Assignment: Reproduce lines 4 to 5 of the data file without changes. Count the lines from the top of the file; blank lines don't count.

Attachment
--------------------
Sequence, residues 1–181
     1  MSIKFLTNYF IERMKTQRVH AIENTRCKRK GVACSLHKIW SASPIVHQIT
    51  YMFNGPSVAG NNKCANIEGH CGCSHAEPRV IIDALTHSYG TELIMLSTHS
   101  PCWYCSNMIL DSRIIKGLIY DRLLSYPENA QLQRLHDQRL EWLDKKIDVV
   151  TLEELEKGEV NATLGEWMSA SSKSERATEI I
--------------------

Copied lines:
   101  PCWYCSNMIL DSRIIKGLIY DRLLSYPENA QLQRLHDQRL EWLDKKIDVV
   151  TLEELEKGEV NATLGEWMSA SSKSERATEI I